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    Movie Times | Movie Reviews | Theater Reviews
'A Wrinkle in Time': Folds, Spindles and Doesn't Exhilarate
By Michael S. Goldberger, iBerkshires Film Critic
01:44PM / Friday, March 16, 2018
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'A Wrinkle in Time': Folds, Spindles and Doesn't Exhilarate   2 popcorns By Michael S. Goldberger film critic   I expected more from director Ava DuVernay's "A Wrinkle in Time," an adaptation of Madeleine L'Engle's 1962, adventure-fantasy novel.    The book has been touted by a couple generations of youngsters, including my own moppet, Erin, who in retrospect adds that the freaky ideas were also a bit terrifying to a 9-year-old who hadn't to date "given that acid trip-type stuff much thought." Well, that's gratifying. But in any case, I saw my critiquing mission as a sort of command performance and wanted to bring news

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Artistic Director of Ephrat Asherie Dance Snags Jacobís Pillow Fellowship
01:38PM / Friday, March 16, 2018
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BECKET, Mass. — Ephrat "Bounce" Asherie, the artistic Director of Ephrat Asherie Dance, has been awarded the inaugural Jacob's Pillow Fellowship at Tilles Center for the Performing Arts at LIU Post.

The fellowship includes a $15,000 grant, a one-week residency at Jacob's Pillow's new Pillow Lab, and a residency at LIU Tilles Center. Executive Vice Chairman Roger Tilles was integral in making this new partnership between Jacob's Pillow and Long Island University possible.

"Roger Tilles has been a long-time supporter here at the Pillow and wanted to do something that would bring two of his passions together. We are so grateful that thanks to his

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'Death Wish': What this World Doesn't Need Now
By Michael S. Goldberger, iBerkshires film critic
03:19PM / Thursday, March 08, 2018
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"Death Wish," essentially a reboot of its 1974 namesake starring Charles Bronson, is problematic at best. For gosh sakes, there's tons of fear, loathing and guns -- the deadly sum of which the world doesn't need, especially at this incendiary and anguishing juncture in our history.    But you can't blame MGM or director Eli Roth for the untimely release of this heir apparent to what became the standard of vigilante ethos. Considering the ceaseless conveyor belt of mass shootings bloodying our landscape, there is never a good time.   You watch and wince. The casual mention of an AR-15 when Bruce Willis' Dr. Paul Kersey makes inquiries at a gun shop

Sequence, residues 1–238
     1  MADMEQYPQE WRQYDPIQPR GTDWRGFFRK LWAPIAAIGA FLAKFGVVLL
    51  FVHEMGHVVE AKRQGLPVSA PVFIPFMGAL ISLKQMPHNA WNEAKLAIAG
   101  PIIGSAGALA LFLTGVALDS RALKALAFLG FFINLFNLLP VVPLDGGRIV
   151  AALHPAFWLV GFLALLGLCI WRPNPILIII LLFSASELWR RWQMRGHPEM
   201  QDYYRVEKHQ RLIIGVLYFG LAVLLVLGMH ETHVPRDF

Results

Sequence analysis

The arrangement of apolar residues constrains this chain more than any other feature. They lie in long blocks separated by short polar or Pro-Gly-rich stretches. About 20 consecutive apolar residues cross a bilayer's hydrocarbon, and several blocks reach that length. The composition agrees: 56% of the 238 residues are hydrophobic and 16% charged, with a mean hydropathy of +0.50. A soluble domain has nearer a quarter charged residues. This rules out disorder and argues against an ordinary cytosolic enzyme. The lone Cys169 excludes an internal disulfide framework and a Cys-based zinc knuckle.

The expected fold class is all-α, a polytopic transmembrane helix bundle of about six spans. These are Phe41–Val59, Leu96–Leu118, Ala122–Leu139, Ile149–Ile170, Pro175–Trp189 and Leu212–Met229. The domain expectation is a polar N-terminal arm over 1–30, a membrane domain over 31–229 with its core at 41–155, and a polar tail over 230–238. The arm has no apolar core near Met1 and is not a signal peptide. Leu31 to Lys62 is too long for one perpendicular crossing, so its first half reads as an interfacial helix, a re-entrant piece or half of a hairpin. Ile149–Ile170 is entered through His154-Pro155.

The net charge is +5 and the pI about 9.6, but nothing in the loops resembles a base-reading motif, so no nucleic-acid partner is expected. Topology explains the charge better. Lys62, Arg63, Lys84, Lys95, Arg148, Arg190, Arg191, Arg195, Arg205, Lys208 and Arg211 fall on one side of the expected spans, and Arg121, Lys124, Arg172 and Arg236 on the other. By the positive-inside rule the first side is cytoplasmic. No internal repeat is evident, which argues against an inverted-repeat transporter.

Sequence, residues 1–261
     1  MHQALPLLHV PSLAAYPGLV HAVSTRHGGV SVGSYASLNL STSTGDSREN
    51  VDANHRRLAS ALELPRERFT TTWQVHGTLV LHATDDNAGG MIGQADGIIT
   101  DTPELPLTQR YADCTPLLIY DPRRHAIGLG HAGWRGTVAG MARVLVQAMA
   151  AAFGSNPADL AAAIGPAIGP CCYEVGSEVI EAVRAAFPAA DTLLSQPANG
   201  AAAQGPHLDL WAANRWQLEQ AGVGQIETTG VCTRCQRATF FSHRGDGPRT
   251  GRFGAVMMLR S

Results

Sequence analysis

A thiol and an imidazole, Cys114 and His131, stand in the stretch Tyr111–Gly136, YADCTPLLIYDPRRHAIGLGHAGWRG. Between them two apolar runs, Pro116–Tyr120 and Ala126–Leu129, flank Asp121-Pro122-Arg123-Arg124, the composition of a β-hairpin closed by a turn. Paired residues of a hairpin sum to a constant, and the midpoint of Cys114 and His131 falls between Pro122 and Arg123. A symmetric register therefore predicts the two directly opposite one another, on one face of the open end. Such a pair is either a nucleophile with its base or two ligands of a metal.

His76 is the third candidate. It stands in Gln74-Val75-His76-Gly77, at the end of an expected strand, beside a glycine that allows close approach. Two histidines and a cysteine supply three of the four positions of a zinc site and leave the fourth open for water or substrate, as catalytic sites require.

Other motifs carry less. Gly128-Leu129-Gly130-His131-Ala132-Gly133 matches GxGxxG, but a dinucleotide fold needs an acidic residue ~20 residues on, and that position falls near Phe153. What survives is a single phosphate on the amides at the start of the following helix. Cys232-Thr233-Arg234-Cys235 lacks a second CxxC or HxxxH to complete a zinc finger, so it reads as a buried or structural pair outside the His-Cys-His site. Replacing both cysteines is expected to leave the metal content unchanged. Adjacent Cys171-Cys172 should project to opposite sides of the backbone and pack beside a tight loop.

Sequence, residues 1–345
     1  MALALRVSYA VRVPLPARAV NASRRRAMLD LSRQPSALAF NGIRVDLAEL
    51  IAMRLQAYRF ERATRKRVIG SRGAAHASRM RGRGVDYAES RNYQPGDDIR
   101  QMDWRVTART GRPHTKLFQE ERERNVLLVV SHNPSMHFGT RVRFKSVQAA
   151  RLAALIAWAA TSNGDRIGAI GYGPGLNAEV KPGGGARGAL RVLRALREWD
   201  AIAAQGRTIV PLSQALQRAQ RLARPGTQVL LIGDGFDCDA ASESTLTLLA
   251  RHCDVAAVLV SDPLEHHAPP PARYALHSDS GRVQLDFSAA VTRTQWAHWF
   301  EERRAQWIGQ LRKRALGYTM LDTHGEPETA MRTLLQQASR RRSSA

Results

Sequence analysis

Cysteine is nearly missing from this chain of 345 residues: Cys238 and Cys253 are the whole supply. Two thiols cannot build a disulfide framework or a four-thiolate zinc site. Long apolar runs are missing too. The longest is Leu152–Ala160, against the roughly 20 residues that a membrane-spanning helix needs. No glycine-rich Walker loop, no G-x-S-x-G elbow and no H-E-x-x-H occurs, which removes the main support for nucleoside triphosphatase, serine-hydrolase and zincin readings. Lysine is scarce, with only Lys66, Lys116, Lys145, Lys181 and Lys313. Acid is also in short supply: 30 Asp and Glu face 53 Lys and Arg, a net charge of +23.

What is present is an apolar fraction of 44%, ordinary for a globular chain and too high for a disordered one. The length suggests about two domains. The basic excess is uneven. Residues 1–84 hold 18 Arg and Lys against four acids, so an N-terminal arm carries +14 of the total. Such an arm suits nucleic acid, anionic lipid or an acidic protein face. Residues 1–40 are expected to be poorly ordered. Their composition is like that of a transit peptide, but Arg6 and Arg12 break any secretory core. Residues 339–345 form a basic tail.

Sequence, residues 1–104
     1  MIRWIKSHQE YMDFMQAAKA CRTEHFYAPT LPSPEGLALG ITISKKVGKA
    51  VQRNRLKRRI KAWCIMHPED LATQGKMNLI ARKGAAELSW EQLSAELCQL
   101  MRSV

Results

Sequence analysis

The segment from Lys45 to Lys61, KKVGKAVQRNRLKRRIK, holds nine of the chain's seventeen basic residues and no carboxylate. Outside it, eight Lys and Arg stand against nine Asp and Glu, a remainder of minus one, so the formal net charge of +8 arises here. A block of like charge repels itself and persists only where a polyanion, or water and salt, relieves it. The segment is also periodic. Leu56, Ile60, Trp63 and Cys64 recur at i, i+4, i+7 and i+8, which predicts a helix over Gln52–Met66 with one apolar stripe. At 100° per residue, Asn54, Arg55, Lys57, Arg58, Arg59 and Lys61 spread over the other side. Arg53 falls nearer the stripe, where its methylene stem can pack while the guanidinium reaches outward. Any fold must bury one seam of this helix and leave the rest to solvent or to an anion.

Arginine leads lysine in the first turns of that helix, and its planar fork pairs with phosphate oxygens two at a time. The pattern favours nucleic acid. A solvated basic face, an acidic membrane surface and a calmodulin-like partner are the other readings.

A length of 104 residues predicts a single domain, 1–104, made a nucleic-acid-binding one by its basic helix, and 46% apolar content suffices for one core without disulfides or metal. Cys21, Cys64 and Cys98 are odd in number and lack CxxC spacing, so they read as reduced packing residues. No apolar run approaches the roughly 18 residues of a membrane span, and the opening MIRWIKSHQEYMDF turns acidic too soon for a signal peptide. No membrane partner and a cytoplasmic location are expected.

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Norman Rockwell Museum Announces New Research Fellows in American Illustration
08:14PM / Friday, March 02, 2018
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STOCKBRIDGE, Mass. — Norman Rockwell Museum’s Rockwell Center for American Visual Studies, the nation’s first research institute dedicated to American illustration, announces its new Society of Fellows. 

Established to bring leading thinkers and fresh perspectives to the study of American illustration art between 1850 and the present, the Society of Fellows will explore the history and criticism of this understudied field, to more fully develop the language and discourse of an academic discipline devoted to published art. In addition to scholarly writings, the Society of Fellows will convene twice a year to engage in discussion and debate, posing key questions

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'Black Panther': It's All Good
By Michael S. Goldberger, iBerkshires film critic
04:51PM / Thursday, March 01, 2018
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As the film critiquing tumblers in my brain jumbled about during a viewing of Ryan Coogler's "Black Panther," one heck of an astute action-drama courtesy of Marvel Studios, I contemplated the complexities regarding one's point of view. Granted, this white, would-be silk stocking liberal was gratified by the racial and political wish fulfillment represented by the semi-secret, technologically advanced African kingdom of Wakanda where T'Challa, aka Black Panther, has just been elevated to the throne. But what remains of the kid in me took it a bit further.   I thought about heroes and what they meant to us in that portion of growing up that reveled in playing make